Every time Hulk Hogan tries to get out, wrestling fans pull him back in. As the iconic professional wrestler was inducted into the World Wrestling Entertainment Hall of Fame four weeks ago, the crowd at the Universal Amphitheatre in Los Angeles erupted into a chant of "One more match!" during an impassioned, 20-minute standing ovation. Always the crowd pleaser, Hogan answered the fans' call and will return to the ring Sunday in Manchester, N.H., at WWE's "Backlash" pay-per-view show. Hogan, 51, will team with WWE fan favorite Shawn Michaels in a tag-team match against anti-American villains Muhammad Hassan and Daivari.
NEWS
By Patricia Anstett and Patricia Anstett,Knight Ridder/Tribune | December 5, 1999
Robert Brendel had to face the inevitable: He needed surgery. The pain in his hip was so great it awakened him every night.Brendel had put off a hip replacement operation for months because he knew what a big deal it was. His older brother had the surgery five years earlier, and it took him almost six months to resume a normal life, longer than usual.But in the past five years, a second generation of hip implants has arrived that promises longer wear -- as much as several decades, possibly even a lifetime -- for the estimated 250,000 Americans who undergo hip replacement procedures each year.
BUSINESS
By Jay Hancock and Jay Hancock,jay.hancock@baltsun.com | May 2, 2009
The Medicare health program for seniors jeopardizes the country's fiscal health a lot more than the fiscal stimulus or Wall Street bailouts. At Medicare's present rate of expansion, according to the Government Accountability Office, Americans living in 2080 will have to pay 10 percent of their incomes just to cover cancer surgery, heart operations and other care for old people, many of whom will die a few months after treatment. How can we avoid the worst? President Barack Obama has made the first move by starting a tough conversation about the high costs and questionable benefits of care at the end of life.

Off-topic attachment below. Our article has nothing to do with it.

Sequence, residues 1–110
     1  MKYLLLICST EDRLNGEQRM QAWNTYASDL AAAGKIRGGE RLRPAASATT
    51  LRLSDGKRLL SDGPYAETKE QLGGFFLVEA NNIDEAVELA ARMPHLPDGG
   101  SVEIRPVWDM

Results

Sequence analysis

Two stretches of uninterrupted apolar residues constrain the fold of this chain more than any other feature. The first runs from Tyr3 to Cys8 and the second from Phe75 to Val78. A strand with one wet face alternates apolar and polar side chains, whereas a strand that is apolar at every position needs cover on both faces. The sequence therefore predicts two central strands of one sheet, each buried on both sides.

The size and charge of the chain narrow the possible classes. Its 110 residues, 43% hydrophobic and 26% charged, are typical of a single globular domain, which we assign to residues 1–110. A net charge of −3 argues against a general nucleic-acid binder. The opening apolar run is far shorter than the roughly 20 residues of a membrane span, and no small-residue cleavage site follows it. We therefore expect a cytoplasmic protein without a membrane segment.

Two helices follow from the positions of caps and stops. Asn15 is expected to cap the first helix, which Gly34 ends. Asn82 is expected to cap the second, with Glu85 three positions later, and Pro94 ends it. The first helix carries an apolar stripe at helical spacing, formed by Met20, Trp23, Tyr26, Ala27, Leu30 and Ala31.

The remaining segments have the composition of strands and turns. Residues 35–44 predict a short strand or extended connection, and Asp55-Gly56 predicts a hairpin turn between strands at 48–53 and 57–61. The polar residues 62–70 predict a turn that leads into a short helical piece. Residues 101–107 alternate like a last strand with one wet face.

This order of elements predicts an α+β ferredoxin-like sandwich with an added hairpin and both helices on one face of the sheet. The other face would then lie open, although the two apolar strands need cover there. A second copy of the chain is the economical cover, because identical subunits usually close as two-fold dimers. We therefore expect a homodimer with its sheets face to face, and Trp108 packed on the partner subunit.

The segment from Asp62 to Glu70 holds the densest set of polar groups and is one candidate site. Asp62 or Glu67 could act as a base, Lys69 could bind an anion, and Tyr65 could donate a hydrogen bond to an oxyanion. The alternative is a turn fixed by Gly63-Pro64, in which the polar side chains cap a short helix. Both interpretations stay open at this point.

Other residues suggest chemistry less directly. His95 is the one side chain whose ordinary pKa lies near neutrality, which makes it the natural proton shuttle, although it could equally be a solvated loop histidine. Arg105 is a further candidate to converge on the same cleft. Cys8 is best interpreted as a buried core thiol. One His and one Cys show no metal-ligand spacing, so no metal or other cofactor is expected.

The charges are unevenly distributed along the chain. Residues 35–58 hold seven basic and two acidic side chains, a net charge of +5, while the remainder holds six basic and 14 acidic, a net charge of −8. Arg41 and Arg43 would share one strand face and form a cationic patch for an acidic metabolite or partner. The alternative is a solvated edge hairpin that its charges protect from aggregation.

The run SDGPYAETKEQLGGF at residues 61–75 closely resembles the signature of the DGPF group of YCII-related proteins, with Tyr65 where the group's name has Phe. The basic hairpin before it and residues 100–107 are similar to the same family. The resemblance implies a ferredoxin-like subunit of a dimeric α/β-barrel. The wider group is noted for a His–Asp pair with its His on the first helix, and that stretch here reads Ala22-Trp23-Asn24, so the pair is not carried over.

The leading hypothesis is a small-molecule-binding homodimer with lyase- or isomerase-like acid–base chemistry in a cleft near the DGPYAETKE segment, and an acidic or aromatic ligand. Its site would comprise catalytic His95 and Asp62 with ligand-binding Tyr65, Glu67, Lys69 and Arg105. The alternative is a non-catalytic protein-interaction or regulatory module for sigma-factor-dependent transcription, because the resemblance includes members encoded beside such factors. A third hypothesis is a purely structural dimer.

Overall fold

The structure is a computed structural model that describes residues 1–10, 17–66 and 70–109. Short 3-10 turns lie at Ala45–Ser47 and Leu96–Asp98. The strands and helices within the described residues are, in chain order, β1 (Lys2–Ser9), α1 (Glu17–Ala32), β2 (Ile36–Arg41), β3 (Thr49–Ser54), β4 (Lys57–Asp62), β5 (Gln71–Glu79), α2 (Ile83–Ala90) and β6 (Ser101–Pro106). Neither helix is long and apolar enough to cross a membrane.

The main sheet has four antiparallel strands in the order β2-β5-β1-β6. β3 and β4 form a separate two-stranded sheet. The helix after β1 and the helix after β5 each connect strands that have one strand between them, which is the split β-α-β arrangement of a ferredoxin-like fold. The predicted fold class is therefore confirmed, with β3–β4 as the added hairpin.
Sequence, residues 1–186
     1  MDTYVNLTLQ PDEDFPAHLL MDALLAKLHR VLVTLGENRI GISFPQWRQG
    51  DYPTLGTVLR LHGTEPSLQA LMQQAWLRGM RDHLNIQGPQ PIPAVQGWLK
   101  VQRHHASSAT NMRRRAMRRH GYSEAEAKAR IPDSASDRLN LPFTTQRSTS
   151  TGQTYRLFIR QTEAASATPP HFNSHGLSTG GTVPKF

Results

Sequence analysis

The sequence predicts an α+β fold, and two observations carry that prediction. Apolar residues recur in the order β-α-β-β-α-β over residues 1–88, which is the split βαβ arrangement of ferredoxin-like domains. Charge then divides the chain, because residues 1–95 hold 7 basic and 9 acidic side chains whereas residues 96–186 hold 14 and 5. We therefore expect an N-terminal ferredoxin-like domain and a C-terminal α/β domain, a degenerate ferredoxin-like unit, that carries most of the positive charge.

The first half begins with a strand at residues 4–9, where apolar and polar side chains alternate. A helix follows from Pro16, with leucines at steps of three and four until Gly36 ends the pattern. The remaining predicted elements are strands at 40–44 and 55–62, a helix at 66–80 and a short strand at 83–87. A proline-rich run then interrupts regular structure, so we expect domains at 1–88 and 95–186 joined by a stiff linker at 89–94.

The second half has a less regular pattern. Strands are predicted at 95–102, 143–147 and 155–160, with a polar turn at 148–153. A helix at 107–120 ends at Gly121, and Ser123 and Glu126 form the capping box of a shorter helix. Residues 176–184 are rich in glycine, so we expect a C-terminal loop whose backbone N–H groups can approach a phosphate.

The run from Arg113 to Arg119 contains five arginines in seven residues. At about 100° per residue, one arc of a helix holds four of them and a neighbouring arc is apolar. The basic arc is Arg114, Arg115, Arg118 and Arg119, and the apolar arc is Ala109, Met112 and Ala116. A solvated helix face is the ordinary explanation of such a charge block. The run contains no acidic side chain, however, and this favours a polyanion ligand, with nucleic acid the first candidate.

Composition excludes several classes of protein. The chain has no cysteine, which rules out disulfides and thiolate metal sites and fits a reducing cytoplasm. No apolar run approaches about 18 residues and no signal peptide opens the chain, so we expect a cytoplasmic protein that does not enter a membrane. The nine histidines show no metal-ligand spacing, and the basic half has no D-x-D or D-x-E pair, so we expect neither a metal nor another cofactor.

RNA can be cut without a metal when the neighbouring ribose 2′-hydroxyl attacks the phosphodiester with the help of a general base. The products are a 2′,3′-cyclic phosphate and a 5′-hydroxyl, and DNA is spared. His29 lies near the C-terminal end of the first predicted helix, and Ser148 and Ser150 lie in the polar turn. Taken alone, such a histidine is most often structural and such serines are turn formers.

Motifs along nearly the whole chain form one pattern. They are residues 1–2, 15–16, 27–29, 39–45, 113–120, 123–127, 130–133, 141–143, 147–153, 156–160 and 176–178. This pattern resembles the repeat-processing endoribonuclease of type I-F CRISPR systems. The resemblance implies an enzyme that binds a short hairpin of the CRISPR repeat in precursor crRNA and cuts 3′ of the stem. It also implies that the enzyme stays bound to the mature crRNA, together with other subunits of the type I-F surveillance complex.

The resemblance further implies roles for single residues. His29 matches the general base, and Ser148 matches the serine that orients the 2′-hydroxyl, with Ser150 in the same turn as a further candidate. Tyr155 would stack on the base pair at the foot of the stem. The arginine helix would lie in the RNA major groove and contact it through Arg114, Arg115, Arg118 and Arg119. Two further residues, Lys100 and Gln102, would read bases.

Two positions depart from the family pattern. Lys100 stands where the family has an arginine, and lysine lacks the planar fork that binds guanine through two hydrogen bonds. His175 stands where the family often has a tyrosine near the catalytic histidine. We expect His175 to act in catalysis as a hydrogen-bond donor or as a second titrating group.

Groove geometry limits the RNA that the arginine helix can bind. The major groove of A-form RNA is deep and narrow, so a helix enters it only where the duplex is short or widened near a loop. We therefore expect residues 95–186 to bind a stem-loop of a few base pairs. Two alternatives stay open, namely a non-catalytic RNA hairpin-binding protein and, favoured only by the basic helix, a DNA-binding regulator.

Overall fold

NEWS
By Nancy Menefee Jackson and Nancy Menefee Jackson,SPECIAL TO THE SUN | March 14, 2004
When John Sheehan runs down the field, officiating a men's lacrosse game, he knows he is wearing out his hips. That would be the two artificial hips - needed as a result of Lyme disease - that allowed Sheehan to return to the sport he has loved since high school. His right hip was replaced in June 2002, the left in November 2002, just after he turned 47. Despite what many might consider a disability, Sheehan, a Howard County fire department captain who lives in Ellicott City, expects to officiate about 70 games this spring, meaning virtually every day from mid-March to mid-May.
NEWS
By Hilary Waldman and By Hilary Waldman,Special to the Sun | June 30, 2002
At a time when big operations have become about as archaic as the dial telephone and the manual typewriter, hip replacement surgery has remained one of the last vestiges of medicine requiring a long incision, a long hospital stay and a long recuperation. But that, too, is changing. Doctors across the country have started replacing worn-out hip sockets through incisions less than 4 inches long, down from the standard 10- to 18-inch slice that patients endured just a few years ago. Although there is scant solid scientific evidence yet, proponents think the new approach is easier on patients, causing less pain, less blood loss and a much quicker recovery.